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Archives for 2012

Glimpses #10: “Bayadère,” the movie

Just when I thought I needed to go to France to see the Paris Opera Ballet in a worthy repertory beyond Giselle, the invaluable Emerging Pictures screened the company’s production of La Bayadère, in Rudolf Nureyev’s final version of the 1877 ballet by Marius Petipa.  (New Yorkers are more familiar with the Natalia Makarova treatment presented by American Ballet Theatre.)  The dancing, led by Aurélie Dupont, Josua Hoffalt, and Ludmila Pagliero—and a female corps de ballet that constitutes a star in itself—illustrated a notion of classical … [Read more...]

Glimpses #9: Parisian Modern

The Paris Opera Ballet, in its determined non-classical guise, closed its New York visit with the late Pina Bausch’s 1975 Orpheus and Eurydice.  In a post-modern, glossy-mag décor, Bausch’s take on the subject mingles the ravishing dancers with the solo singers, giving Terpsichore’s favorites little better to do than undulate their supple spines (ladies), run and jump (gentlemen), and (all) make the same gestures, many of them mindlessly co-opted from Martha Graham, again and again.  And again.  In the house program, Bausch assigned each … [Read more...]

A Ballet Romance

Paris Opera Ballet / David H. Koch Theater, Lincoln Center, NYC / June 11-22, 2012 Say that, as a dance fan, you happen to have a young child in your life who’s showing a burgeoning interest in—perhaps even an instinctive love for—dancing.   If you take her or him to the ballet to see one of the venerable 19th-century classics, you want to be sure it’s a production that’s faithful to its tradition—not savagely cut, skewed, or “reimagined” beyond recognition.  The very young, with their acute receptivity, deserve the very best. The Paris … [Read more...]

Made in France

Paris Opera Ballet / David H. Koch Theater, Lincoln Center, NYC / July 11-22, 2012 The Paris Opera Ballet, playing at the David H. Koch through July 22, gets the prize for vintage achievement.  Formed in 1669, it has the distinction of being the world’s oldest classical ballet troupe.  The academy that produces most of its dancers dates from 1713.  Naturally, this legendary institution, absent from New York for 16 years, had to re-introduce itself. The Paris Opera Ballet’s Aurélie Dupont  (center, held aloft) with fellow artists of the … [Read more...]


American Ballet Theatre / Metropolitan Opera House, Lincoln Center, NYC / through July 7, 2012 In the past week American Ballet Theatre has been offering a handsome array of dancers to play Odette/Odile and Prince Siegfried in Kevin McKenzie’s version of Swan Lake.  Steeling myself against the choreography—as mistaken and misshapen as Peter Martins’ Lake for the New York City Ballet—I chose to see three pairs:  Paloma Herrera and Ángel Corella (in his farewell performance with the company); Polina Semionova and David Hallberg (currently … [Read more...]


American Ballet Theatre:  Kenneth MacMillan’s Romeo and Juliet, with Natalia Osipova, David Hallberg, and Herman Cornejo / Metropolitan Opera House, Lincoln Center, NYC / June 18, 2012 The near-hysterical joy of the audience at the Metropolitan Opera House on June 18—in response to American Ballet Theatre’s pairing of Natalia Osipova and David Hallberg as the leads in Romeo and Juliet—was a theatrical phenomenon in itself.  The star-struck approach to ballet is hardly the only one to take; it may even be thought frivolous.  But it can … [Read more...]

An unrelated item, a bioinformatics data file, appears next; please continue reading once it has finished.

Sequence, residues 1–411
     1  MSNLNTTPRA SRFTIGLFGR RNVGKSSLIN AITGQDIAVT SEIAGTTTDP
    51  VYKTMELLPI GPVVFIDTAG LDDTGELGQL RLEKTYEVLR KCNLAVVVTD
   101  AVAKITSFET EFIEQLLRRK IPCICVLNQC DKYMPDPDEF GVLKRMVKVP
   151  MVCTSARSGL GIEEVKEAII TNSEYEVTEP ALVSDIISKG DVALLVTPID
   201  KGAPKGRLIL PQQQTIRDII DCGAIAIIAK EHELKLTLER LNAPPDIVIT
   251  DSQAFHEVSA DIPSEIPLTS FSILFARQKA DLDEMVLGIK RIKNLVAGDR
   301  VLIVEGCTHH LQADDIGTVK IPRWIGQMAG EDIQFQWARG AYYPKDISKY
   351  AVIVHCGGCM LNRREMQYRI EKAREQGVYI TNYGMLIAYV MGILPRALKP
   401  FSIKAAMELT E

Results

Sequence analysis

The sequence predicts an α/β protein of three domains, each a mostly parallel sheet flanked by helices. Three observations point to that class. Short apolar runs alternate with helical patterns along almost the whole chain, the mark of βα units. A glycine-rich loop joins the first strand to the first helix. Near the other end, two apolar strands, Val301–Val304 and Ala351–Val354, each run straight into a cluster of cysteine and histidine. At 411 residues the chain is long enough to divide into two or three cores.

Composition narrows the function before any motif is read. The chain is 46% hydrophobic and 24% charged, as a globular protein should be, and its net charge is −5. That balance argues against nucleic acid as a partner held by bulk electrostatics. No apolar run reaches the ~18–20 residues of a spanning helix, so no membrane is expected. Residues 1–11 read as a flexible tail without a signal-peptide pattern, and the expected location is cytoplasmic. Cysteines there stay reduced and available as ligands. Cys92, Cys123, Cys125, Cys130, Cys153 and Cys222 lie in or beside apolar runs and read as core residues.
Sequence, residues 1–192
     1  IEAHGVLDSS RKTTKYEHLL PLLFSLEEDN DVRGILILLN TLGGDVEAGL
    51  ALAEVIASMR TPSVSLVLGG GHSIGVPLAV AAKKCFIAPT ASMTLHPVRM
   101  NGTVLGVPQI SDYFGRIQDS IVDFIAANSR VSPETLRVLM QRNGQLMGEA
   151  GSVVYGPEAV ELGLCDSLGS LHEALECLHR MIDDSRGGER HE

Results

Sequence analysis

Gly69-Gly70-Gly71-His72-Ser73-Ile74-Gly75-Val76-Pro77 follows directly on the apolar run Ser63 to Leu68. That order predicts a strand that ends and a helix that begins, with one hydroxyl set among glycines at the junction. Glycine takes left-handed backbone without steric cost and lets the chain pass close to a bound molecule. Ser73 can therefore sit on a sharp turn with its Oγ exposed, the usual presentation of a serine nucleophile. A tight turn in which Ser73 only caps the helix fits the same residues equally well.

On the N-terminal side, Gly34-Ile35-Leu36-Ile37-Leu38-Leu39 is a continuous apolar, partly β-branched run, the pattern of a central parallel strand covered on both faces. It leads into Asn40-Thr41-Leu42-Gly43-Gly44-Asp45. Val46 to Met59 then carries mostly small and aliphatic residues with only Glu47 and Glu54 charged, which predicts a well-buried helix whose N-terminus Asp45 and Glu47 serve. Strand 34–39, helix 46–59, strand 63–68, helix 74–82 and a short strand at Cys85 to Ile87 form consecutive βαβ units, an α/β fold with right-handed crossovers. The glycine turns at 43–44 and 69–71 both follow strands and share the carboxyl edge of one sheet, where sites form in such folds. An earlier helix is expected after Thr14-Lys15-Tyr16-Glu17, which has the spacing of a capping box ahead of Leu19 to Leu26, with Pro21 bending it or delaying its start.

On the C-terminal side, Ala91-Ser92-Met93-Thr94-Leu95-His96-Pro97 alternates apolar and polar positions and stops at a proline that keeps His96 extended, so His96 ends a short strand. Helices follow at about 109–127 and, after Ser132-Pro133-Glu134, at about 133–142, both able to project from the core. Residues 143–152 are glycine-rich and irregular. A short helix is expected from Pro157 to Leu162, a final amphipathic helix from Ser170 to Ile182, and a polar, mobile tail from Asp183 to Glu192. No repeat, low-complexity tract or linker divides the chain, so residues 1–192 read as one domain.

Five-Alarm “Firebird”

American Ballet Theatre:  Alexei Ratmansky’s new Firebird / Metropolitan Opera House, Lincoln Center, NYC / season runs through July 7, 2012 I can’t imagine what Alexei Ratmansky was thinking of in creating his New Look Firebird.  To begin with—and this is the first thing you notice--it‘s dressed for Las Vegas by Galina Solovyeva, with complementary décor (including a sci-fi forest with hints of porn) by Simon Pastukh.  It wrests the fairy-tale narrative that Michel Fokine created for his 1910 L’Oiseau de Feu (in which good, abetted by … [Read more...]

Glimpses #8: Tiler Peck

Like Patricia McBride’s, Tiler Peck’s stunning face registers intensely—once seen, never forgotten.  Her dancing alone makes a visit to the New York City Ballet heartening.  Her technical acumen never falters, only commands, having grown in confidence and in an athletic prowess that’s increasingly managed with subtlety. Yet even viewers who adore her—as well they might—may modify their praise by the worried observation that she seems to have no soul.  Peck entered the company as a performer in the show-biz style, vividly “selling” her … [Read more...]


The School of American Ballet’s Workshop Performances / Peter Jay Sharp Theater, Lincoln Center, NYC / June 2 matinee and evening; June 5, 2012   School of American Ballet’s Workshop Performances:  Austin Bachman in Peter Martins’ Les Petits Riens Photo:  Paul Kolnik Students at the School of American Ballet and the in-group that cares about it call it, simply, The School, as if it had no equals.  So far it doesn’t, at least in the States.   It’s the training academy of the New York City Ballet, which skims off the cream—according … [Read more...]

Books Remembered: Noel Streatfeild’s “Ballet Shoes”

  This essay, commissioned by the Children’s Book Council, first appeared in CBC Features, Vol. 46, No. 1, Winter-Spring 1993. Noel Streatfeild’s Ballet Shoes was published in 1936.  It is still in print.   We were in London, my daughter and I, walking down the Cromwell Road.  Anne was an exquisitely ingenuous fourteen-year-old, a pupil in George Balanchine’s revered School of American Ballet, and the one of my two offspring who’d given me the magical gift of reading and loving the books that had been my own childhood … [Read more...]

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